President Essebsi, who in accordance to the Tunisian Constitution, should play a more ceremonial than executive role – in a similar manner the Republic of Ireland – became the most powerful de-facto political figure, because he is also the leader of the Nidaa Tounes party. Indeed, while al-Nidaa split on political grounds, the weak ‘link’ in what is arguably North Africa’s only democracy is the economy.
Many Tunisians, feeling ever more worried about the lack of growth and unemployment would prefer the President and the Prime Minister would do less bickering – over the responsibilities of their respective roles – and took more decisions about the direction in which to steer the country. Such a scenario leaves the road wide open to Ennahda, which could exploit the social and economic turmoil to its advantage. Therefore, the secularist parties – now split – face an important challenge.However democratic, Tunisia has become since 2011, the country’s democratic transformation faces significant economic setbacks. The Jasmin Revolution may have begun with the protest of an angry young man, who burned himself alive to protest against his helplessness in December 2010. Yet, since that infamous episode dozens of Tunisians have continued to douse themselves with gasoline and setting themselves alight. One of the latest such episodes occurred last December 26. In January, Tunisians filled the streets in all of the main cities to express their anger over the government’s austerity measures, which seem to address more the needs of the International Monetary Fund (IMF) – focused as they are on cutting the deficit – than those of the people. The monetary policies of the new budget law, which entered into effect on January 1, have predictably cut subsidies and forced prices and taxes to increase citizens took to the streets in at least ten cities to protest against austerity measures, which caused taxes and prices to rise-Diesel fuel and internet usage rates as well. Before the budget went into law, the government had promised Tunisians that it would only target luxury goods. Instead, it has included necessities and even food. In the Arab world such measures have always sparked protests and riots. In fact, it’s possible to argue that more than signing an unpopular peace with Israel, Egyptians grew more furious with President Sadat (murdered in 1981) when he removed subsidies from basic food products in 1979. The riots that ensued left hundreds dead.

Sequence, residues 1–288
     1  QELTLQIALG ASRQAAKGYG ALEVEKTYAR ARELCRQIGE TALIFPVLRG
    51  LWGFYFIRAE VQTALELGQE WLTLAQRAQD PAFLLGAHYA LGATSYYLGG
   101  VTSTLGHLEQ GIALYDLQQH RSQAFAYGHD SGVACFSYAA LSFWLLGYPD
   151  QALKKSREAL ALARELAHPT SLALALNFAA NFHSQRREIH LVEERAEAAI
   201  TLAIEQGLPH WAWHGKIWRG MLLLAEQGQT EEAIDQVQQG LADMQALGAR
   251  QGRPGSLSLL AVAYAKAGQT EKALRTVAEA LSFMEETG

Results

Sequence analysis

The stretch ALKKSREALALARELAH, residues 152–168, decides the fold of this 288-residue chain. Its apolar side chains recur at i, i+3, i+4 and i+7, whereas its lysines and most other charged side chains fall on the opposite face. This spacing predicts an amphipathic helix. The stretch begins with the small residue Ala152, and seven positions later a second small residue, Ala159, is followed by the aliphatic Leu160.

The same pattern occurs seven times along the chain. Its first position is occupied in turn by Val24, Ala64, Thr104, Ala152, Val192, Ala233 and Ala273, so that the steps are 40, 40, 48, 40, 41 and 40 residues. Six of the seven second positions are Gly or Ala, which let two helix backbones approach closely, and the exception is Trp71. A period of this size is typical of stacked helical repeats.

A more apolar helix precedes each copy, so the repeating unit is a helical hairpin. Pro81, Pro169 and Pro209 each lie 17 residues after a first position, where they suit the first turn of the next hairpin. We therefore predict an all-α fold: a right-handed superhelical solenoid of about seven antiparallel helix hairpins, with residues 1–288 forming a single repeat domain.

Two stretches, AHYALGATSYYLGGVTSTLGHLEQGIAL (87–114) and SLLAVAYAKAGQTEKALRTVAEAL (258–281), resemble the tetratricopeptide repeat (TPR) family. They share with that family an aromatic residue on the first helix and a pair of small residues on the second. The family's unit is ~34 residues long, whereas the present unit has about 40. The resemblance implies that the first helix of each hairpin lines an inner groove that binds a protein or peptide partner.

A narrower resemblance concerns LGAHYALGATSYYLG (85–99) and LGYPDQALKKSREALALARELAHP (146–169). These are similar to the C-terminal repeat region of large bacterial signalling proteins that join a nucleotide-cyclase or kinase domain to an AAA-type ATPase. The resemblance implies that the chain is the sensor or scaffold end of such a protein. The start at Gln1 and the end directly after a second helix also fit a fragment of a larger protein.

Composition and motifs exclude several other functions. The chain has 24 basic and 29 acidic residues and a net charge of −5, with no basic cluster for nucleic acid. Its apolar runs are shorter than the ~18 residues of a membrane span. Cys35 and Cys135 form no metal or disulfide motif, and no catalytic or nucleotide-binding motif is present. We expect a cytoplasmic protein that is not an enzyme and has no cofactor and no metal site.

In other words, the rules of the political game may have changed, but the socio-economic conditions that inspired the revolts of 2010-2011 have not. That gives the opposition Ennahda something to use as leverage to capture the widespread dissatisfaction. After all, Ennahda was the big winner in the first years after the Arab Spring. It was only when Mohamed Brahmi, leader of the Popular Front secular party, was murdered in 2014 that Nidaa Tunis put enough pressure on the ruling Ennahda Party to resign from power.